Mexico City, UNAM, Hunger, Butterflies

May 25, 2005, [MD]

Some tidbits:

Just saw the movie The Butterfly Effect, and I quite liked it. I’ve seen a few other movies where they use “innovative” (maybe it once was) techniques of jumping to and from in times (Memento comes to mind as a very good example), others were characters struggle with loss of memory, alternate dimensions, thinking they are going crazy - and the viewer doesn’t know which version is “real” (A Beautiful Mind is a good example). Oh, let’s not forget the seminal Sliding Doors, which illustrated nicely “what might have happened”. It was a nice movie though, and raised some philosophical questions. Fate and all that. (What might have happened if I had missed that train going to Oslo for my interview for my United World College, back in 1998? Would I be in Mexico right now?) Simple conclusion: Tiny events can have huge repercussions (The Butterfly Effect, if I remember correctly, posits that a butterfly flapping it’s wings in America can make it rain in China). However, it’s impossible to calculate what the consequences would be (as we see in this movie, where everything he does ends up by making things worse). Maybe I wouldn’t have been in Mexico if I had missed that train, but would I have been any worse off? Impossible to say. A good reason not to regret things.

On a different note, I just started listening to the classical novel “Hunger” (Sult) by Knut Hamsun. It’s a real classic, but I haven’t read many of the Norwegian classics (I am glad they didn’t force us to read much in school though, I might not have wanted to read them now). I am listening to a radio recording (published on CD, borrowed at my local library in Hamar, transferred to my MP3 and stored until now - when can I download this in public domain? I mean it was produced for the free tax-payer supported public broadcasting in Norway). So far, I quite like it. It also talks a lot about Oslo, it’s streets and houses, and I always like “place-bound” books. It’s fun, since I’ve lived there myself. I want to find some books like this about Toronto.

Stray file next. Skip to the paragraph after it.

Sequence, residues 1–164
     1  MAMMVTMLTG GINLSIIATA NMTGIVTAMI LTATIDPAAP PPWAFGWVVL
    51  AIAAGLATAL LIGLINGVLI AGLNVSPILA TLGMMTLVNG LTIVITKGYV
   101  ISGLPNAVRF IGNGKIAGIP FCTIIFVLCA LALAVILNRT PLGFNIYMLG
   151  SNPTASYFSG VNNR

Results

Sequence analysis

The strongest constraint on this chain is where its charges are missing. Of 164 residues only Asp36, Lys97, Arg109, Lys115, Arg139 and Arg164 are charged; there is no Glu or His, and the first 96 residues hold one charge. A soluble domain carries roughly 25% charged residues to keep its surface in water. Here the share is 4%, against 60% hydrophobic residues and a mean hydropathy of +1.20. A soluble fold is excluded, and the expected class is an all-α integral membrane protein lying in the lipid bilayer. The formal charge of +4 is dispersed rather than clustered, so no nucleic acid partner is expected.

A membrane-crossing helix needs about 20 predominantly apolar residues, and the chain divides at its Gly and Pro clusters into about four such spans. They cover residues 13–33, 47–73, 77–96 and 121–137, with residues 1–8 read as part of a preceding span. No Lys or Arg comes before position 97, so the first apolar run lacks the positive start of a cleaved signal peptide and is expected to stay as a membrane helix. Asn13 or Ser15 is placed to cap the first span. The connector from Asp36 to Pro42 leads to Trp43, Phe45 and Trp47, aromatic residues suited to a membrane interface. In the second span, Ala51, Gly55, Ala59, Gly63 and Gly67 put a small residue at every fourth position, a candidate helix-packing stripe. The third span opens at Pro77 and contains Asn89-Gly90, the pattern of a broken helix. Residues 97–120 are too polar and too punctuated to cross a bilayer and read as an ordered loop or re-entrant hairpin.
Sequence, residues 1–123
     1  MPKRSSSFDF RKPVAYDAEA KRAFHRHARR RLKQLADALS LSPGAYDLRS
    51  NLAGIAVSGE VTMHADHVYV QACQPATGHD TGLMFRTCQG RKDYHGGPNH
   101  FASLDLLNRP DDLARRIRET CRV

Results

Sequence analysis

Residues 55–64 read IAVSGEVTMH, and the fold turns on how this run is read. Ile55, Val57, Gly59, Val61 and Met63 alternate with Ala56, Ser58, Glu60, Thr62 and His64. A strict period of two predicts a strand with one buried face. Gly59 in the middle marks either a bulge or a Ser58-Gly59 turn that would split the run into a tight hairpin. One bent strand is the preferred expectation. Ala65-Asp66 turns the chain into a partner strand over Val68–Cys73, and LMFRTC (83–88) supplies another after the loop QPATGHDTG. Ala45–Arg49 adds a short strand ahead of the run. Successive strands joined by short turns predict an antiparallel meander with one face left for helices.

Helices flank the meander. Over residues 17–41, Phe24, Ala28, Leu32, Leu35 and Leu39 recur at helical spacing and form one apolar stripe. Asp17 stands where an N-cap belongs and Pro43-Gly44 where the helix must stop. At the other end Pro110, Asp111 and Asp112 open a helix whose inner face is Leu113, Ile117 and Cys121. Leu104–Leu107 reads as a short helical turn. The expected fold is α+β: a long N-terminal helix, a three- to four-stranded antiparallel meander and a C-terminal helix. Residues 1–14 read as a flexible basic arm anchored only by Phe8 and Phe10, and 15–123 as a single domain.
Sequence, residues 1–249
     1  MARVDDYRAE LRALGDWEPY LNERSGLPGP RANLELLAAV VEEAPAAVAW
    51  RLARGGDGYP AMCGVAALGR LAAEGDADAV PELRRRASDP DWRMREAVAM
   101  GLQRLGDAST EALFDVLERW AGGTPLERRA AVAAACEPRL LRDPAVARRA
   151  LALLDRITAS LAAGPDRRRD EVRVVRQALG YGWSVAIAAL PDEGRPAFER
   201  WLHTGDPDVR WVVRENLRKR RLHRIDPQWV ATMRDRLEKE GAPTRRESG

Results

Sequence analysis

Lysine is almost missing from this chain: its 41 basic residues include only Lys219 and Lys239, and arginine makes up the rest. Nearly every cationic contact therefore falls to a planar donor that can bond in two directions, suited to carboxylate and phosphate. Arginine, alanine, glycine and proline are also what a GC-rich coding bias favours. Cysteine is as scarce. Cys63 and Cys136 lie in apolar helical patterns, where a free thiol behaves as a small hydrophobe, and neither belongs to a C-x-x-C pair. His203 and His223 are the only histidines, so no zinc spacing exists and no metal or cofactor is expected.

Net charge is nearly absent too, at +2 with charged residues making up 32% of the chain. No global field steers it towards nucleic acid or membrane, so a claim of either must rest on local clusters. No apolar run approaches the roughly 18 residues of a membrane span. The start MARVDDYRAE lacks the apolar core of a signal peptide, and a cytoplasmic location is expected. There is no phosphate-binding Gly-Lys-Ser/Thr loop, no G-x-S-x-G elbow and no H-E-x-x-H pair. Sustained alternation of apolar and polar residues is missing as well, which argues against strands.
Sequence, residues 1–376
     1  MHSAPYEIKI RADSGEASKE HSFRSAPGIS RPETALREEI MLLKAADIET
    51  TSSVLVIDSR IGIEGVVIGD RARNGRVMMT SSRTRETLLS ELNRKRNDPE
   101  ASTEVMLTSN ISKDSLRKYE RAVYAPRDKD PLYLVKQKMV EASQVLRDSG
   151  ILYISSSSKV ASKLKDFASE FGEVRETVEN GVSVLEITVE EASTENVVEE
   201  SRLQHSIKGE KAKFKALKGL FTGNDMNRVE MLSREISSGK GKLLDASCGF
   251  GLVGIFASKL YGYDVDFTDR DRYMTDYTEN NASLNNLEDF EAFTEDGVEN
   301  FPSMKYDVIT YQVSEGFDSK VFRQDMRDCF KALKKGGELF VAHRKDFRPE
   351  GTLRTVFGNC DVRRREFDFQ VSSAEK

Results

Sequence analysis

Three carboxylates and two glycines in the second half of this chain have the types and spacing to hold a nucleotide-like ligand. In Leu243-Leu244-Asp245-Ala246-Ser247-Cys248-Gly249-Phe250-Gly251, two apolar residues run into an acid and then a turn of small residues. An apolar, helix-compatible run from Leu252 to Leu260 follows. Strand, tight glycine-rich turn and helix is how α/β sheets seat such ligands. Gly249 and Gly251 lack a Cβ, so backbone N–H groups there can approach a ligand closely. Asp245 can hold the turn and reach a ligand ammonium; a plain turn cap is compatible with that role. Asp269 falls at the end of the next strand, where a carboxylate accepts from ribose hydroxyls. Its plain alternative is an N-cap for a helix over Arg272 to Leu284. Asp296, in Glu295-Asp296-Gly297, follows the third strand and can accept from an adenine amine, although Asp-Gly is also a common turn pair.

Finally, I am going to Mexico city tomorrow morning. Slightly apprehensive, because it’s a monster of a city (20 million people, only about 5 times my country), but excited to be seeing more of Mexico, and to see my friend whom I haven’t seen in half a year. (Of course, among my good friends, half a year counts as short time. Unfortunately.) I will be living quite near UNAM (Universidad Nacional Autónoma de México), which is possibly the largest university in the world - they have 270,000 students! And 30,000 professors. Even though a percentage of these are actually high-school students, since the university also runs some high schools (as I understand), it’s still impressive. They are the only Latin American university to rank on a top-50 list of world universities (upz, PDF), of course these ratings don’t mean much, but still. I hope I get a chance to pop by, maybe listen to a lecture or just walk around. I always like visiting universities and libraries when I am in other cities.


Stian Håklev May 25, 2005 Toronto, Canada
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